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Minerva Pediatrica 2020 Dec 11

DOI: 10.23736/S0026-4946.20.06088-0


lingua: Inglese

Respiratory polygraphy in subjects with bronchopulmonary dysplasia: a retrospective study

Carlo DE PIERI 1, 2, Brigitte FAUROUX 1, 3, 4, Sonia KHIRANI 1, 5, Briac THIERRY 6, Christophe DELACOURT 3, 7, Paola COGO 2, Alessandro AMADDEO 1, 3, 4

1 Pediatric Non-Invasive Ventilation and Sleep Unit, Hôpital Necker-Enfants Malades, Paris, France; 2 Division of Pediatric, Department of Medicine, University Hospital of Udine, Udine, Italy; 3 Paris Descartes University, Paris, France; 4 Université de Paris, VIFASOM, Paris, France; 5 ASV Santé, Gennevilliers, France; 6 Pediatric ENT Department, Hôpital Necker-Enfants Malades, Paris, France; 7 Pediatric Pulmonology and Allergy Department, Hôpital Necker-Enfants Malades, Paris, France


BACKGROUND: Periodic assessment of the need for oxygen supplementation and/or mechanical ventilation in children with severe bronchopulmonary dysplasia (BPD) is crucial. The aim of the study was to analyze the indications and results of respiratory polygraphies (RP) performed in preterm infants with BPD followed at a tertiary university hospital.
METHODS: All subjects < 5-year-old with BPD who had a RP between September and February 2018 were included. The indications and results of RP and consequent medical management were analyzed.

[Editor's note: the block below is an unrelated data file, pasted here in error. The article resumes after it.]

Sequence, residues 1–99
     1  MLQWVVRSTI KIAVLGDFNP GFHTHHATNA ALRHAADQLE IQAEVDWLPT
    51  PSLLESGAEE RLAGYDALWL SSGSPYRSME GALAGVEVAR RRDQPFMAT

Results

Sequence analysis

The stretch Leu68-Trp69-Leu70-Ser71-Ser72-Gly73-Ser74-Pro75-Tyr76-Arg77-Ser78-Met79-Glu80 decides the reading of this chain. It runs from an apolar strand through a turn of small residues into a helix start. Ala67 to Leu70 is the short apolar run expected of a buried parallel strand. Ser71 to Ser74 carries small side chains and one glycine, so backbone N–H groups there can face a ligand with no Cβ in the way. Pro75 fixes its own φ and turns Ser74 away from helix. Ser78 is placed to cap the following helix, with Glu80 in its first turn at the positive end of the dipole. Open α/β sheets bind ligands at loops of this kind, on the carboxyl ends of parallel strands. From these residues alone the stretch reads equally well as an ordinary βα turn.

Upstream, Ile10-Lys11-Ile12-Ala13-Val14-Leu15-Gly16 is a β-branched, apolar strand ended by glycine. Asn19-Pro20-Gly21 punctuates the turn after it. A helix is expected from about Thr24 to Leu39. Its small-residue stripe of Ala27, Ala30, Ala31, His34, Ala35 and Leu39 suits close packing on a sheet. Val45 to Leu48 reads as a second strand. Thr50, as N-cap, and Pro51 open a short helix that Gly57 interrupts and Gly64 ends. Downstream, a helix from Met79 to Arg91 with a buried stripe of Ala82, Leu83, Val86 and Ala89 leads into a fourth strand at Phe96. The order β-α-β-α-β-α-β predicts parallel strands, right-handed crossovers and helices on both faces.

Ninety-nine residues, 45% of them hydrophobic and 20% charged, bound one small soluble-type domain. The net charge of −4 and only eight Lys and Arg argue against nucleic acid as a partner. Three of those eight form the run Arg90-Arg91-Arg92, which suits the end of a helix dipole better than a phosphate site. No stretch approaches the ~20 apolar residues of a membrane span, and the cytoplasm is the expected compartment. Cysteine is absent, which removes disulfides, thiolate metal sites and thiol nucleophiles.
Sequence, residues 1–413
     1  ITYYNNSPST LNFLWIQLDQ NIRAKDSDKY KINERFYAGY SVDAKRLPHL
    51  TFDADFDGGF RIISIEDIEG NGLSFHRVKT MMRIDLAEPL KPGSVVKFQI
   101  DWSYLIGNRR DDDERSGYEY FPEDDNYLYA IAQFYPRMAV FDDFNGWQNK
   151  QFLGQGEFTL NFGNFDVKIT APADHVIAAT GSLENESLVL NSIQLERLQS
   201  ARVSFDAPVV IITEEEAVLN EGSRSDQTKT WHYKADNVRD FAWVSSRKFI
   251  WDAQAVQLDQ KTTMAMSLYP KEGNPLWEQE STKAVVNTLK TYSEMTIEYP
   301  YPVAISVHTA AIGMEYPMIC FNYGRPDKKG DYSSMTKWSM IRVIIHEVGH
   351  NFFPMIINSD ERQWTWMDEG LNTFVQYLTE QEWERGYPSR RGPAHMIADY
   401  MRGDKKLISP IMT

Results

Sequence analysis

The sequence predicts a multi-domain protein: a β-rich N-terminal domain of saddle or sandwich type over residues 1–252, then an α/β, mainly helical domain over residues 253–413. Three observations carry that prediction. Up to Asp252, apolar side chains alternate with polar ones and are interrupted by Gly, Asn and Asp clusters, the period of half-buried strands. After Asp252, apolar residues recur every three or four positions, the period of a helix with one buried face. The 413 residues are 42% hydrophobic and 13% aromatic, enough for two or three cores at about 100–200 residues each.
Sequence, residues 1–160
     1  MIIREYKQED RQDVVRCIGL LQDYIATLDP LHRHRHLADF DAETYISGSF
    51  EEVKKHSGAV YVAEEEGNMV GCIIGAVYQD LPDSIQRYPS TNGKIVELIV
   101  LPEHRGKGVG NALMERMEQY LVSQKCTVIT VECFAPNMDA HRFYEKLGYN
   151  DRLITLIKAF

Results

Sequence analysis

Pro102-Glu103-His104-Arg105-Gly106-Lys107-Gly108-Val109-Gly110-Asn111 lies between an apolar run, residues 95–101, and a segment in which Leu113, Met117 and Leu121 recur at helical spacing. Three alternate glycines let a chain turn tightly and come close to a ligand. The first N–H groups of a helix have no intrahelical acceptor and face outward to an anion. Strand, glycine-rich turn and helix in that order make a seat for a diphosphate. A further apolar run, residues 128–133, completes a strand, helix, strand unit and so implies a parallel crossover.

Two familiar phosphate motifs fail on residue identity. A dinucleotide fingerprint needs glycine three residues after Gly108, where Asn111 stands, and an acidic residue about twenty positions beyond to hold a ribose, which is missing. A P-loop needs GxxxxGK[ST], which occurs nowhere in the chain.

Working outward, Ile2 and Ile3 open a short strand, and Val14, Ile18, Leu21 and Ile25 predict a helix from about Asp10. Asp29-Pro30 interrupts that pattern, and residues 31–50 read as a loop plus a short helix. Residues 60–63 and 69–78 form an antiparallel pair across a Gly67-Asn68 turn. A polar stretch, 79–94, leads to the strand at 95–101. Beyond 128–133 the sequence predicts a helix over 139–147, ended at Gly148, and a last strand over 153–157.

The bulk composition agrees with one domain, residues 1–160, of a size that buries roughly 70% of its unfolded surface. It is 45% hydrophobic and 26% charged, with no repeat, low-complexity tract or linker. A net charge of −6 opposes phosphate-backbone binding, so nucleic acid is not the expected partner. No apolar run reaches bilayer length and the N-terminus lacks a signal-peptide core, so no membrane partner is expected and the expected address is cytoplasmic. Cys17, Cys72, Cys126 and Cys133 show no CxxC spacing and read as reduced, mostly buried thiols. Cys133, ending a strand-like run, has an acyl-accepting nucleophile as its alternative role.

RESULTS: Fourteen infants (9 females, mean gestational age 27.6±3.3 weeks) underwent a RP at mean age of 26.4±19.4 months. Five subjects were evaluated for the need of long-term respiratory support (RS), 3 started continuous positive airway pressure (CPAP), 2 were weaned from RS. Four subjects underwent RP for suspected obstructive sleep apnea (OSA), one started on CPAP. Central apnea syndrome (CSA) was confirmed in 2 subjects and one was started on non-invasive ventilation. RP allowed safe tracheostomy decannulation in 2 subjects. Finally, RP was normal in one patient who had a brief resolved unexplained event (BRUE).
CONCLUSIONS: RP represents an important tool for the evaluation of children with BPD and leads to important therapeutic decisions.

KEY WORDS: Bronchopulmonary dysplasia; Sleep disordered breathing; Obstructive sleep apnea; Central sleep apnea; Respiratory polygraphy; Noninvasive respiratory support

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